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Calls for stronger gun policy continue ahead of school year | #schoolsaftey


About one-quarter of mass shooters between 1966 and 2019 used an assault rifle, according to a National Institute of Justice database. The U.S. Department of Justice defines an assault weapon, which can be either a rifle or a handgun, as a “civilian, semi-automatic version of a military weapon.”

Scanlon spoke in Philly last week to support the Assault Weapons Ban of 2023, which was introduced in the House in February. In August, she and more than 100 other lawmakers wrote a letter to House Speaker Kevin McCarthy calling for a vote on that ban and other legislation. McCarthy has said publicly that he isn’t ready to move forward with gun control measures.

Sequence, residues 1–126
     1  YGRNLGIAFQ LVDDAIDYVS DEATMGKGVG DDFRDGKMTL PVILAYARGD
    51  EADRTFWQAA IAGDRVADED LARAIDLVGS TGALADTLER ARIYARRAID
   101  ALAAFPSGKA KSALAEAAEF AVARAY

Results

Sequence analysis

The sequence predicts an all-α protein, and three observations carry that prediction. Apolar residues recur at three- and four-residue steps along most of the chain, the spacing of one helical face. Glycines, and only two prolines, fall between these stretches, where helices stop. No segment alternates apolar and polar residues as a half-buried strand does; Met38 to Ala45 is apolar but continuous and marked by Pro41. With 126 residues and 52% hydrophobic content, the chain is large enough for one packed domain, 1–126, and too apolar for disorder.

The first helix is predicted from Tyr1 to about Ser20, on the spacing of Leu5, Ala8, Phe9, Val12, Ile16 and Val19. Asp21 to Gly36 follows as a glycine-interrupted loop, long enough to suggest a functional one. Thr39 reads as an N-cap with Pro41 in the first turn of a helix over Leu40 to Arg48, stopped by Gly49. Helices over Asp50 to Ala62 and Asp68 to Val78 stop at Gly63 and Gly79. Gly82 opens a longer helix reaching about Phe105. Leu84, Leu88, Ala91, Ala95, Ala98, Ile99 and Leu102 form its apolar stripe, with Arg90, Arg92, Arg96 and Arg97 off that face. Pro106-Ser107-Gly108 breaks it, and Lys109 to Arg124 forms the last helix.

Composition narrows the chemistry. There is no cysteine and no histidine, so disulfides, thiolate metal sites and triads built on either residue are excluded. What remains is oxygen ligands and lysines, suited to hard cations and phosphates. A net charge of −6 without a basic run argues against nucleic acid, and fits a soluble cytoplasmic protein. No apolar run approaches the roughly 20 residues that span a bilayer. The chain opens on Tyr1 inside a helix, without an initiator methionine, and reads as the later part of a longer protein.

“As Americans demand action, our voters and our children deserve to know where their representatives stand,” Scanlon said. “If they have the courage to vote against them then so be it. So far, we’re still waiting.”

Pennsylvania Senators Steven Santarsiero (D-Bucks) and John Kane (D-Chester/Delaware) introduced a statewide ban on assault weapons earlier this year. The legislation awaits a hearing in the Senate judicial committee. If it succeeds there, it would go to the House for passage.

The Pa. state House of Representatives passed two pieces of gun legislation with a bipartisan vote in May. The proposed “red flag law” would allow law enforcement to ask a judge for the temporary removal of someone’s gun, if the judge decides that person is at risk of committing violence. The other would allow universal background checks.

Those bills both need to pass in the Senate judicial committee, without amendments, to head to Governor Josh Shapiro’s desk. The governor said he will sign the bills.

State Sen. Lisa Baker (R-20), chair of the committee, did not respond to requests for comment.



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